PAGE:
The Colorado House of Representatives passed common sense legislation to put Colorado in driver’s seat in the race to protect all Coloradans from climate pollution. The bill passed by an overwhelming 41-to-23 vote, under the leadership of House Speaker KC Becker and Representative Dominique Jackson.
“Climate change is the pivotal challenge of our time,” said EDF senior director of climate regulatory strategy Pam Kiely. “Colorado’s policy makers are meeting this urgent challenge head on with bold leadership to address our state’s dangerous climate pollution, and they’re doing it in a way that’s consistent with science and that will strengthen our clean energy economy and create jobs.”
Colorado faces severe threats from climate change, including intensifying and more frequent wildfires, worsening summer smog that causes asthma attacks and other serious health problems, catastrophic flooding, and prolonged drought that threatens our farmers and our national and state parks.
House Bill 19-1261, which passed on April 16th, establishes Colorado climate pollution reduction goals anchored in science and provides for the development of cost-effective solutions to achieve these pollution cuts.
The bill provides for Colorado to cut climate pollution by at least 26 percent by 2025, 50 percent by 2030, and 90 percent by 2050 (relative to 2005 pollution levels). It also directs the Air Quality Control Commission to take cost-effective action to achieve these reductions and to protect the health and well-being of all Coloradans from climate pollution.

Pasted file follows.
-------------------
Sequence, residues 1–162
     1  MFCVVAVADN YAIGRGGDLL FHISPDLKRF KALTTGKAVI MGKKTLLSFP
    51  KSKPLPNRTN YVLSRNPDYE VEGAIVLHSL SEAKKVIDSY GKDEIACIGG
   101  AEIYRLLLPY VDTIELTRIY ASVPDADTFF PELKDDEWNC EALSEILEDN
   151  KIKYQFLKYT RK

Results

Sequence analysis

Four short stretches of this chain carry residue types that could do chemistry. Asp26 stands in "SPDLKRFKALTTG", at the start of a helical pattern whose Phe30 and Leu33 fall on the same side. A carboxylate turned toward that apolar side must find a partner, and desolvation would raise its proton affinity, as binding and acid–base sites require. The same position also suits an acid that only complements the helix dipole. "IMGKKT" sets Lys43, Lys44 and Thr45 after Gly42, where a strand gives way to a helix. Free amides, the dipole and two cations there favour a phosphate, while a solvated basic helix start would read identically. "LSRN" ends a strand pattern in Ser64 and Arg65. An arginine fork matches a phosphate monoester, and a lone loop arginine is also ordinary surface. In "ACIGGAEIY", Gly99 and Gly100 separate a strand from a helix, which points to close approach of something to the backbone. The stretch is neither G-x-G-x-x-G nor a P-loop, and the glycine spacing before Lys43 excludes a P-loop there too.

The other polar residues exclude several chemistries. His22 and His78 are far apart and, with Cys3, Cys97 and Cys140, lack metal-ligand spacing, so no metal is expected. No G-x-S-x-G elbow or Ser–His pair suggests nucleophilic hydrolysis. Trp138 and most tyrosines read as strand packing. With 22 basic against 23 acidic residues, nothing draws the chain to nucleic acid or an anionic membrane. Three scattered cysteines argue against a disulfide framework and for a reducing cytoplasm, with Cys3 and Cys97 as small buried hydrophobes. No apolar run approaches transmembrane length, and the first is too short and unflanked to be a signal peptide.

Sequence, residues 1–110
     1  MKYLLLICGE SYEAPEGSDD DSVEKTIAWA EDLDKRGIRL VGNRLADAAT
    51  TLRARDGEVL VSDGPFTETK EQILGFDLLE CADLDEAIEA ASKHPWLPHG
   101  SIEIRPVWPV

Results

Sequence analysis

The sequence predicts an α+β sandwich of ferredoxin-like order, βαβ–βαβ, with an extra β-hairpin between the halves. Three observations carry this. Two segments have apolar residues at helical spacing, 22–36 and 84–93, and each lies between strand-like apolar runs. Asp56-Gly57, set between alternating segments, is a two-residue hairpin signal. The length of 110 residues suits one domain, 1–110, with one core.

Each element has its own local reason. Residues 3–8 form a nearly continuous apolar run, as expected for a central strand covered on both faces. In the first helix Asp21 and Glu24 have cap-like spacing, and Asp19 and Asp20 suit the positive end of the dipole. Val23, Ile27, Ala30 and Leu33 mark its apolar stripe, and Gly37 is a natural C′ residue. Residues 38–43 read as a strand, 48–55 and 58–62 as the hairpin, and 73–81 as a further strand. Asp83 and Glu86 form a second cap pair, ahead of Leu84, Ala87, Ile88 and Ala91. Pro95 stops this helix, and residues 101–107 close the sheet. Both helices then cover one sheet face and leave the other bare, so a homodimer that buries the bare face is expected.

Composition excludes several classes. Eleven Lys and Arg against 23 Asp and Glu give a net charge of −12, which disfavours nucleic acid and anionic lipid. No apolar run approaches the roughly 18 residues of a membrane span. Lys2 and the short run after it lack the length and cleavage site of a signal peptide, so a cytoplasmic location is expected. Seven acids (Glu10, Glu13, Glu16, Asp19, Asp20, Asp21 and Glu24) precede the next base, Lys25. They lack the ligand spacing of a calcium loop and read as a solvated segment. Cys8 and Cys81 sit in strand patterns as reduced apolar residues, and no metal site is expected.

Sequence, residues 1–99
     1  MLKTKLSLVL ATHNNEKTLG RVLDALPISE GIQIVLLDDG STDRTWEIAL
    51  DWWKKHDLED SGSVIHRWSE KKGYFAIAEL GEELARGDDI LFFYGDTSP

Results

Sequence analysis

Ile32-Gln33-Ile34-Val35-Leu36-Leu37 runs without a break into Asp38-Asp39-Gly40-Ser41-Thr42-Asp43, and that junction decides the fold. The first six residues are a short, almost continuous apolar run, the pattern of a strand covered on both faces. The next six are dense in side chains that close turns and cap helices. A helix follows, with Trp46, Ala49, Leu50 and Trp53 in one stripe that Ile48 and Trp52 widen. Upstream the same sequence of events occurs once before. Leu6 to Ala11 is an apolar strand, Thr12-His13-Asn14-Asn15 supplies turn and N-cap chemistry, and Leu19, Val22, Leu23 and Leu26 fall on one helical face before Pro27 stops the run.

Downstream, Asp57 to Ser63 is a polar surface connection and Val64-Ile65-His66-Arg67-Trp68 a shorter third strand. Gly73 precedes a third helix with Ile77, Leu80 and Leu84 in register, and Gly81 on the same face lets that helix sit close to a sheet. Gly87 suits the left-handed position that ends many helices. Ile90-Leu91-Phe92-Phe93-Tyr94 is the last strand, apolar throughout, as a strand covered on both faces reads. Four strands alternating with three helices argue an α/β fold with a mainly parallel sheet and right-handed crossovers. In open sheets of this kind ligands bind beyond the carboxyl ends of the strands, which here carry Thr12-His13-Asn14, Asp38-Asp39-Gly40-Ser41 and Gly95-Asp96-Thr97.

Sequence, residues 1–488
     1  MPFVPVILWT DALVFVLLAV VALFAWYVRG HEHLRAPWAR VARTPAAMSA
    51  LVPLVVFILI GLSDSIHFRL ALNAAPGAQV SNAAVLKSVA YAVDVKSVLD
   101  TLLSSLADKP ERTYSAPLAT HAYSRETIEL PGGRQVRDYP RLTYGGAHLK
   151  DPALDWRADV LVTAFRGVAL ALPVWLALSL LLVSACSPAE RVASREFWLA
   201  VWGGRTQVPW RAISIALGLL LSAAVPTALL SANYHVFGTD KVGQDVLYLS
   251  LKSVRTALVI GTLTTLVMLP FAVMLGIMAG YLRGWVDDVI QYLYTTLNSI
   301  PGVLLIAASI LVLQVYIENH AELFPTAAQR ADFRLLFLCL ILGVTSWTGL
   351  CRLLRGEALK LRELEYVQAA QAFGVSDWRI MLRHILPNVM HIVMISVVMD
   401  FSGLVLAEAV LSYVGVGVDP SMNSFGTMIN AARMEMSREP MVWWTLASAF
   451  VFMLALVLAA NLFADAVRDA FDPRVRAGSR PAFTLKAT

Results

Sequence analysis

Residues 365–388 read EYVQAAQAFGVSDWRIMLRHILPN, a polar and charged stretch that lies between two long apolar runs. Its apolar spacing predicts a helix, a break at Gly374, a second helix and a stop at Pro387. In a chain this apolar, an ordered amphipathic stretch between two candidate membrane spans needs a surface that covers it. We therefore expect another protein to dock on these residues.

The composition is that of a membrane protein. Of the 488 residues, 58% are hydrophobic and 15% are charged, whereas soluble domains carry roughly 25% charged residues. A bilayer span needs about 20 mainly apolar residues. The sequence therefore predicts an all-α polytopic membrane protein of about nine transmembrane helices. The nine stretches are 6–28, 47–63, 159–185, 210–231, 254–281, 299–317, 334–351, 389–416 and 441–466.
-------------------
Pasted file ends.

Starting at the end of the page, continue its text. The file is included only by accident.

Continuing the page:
Colorado has a strong foundation to achieve these vital climate pollution reduction goals:
- Xcel Energy, Colorado’s largest power provider, committed to achieve an 80 percent reduction in carbon pollution by 2030 and to eliminate all carbon pollution from its power generation for Colorado by 2050.
- The Colorado Department of Public Health and the Environment recently adopted clean car standards that will save Coloradans hundreds of dollars at the gas pump annually and reduce dangerous climate and smog pollution.
- The Colorado Department of Public Health and the Environment has also required Colorado’s oil and gas industry to achieve reductions in dangerous methane pollution. Those reductions will also reduce the unnecessary waste of Colorado’s oil and gas resources. Under new legislation the department will work to modernize these important pollution limits to protect public health and the environment based on advances in technologies and common sense clean air solutions.
“This bill is a win for Coloradans on so many fronts – it will help protect our health, protect our environment, and secure clean energy economic prosperity for our state,” said Kiely. “We should all be grateful to the Colorado House of Representatives, and especially Speaker of the House KC Becker and Representative Dominique Jackson, for their great work today.”
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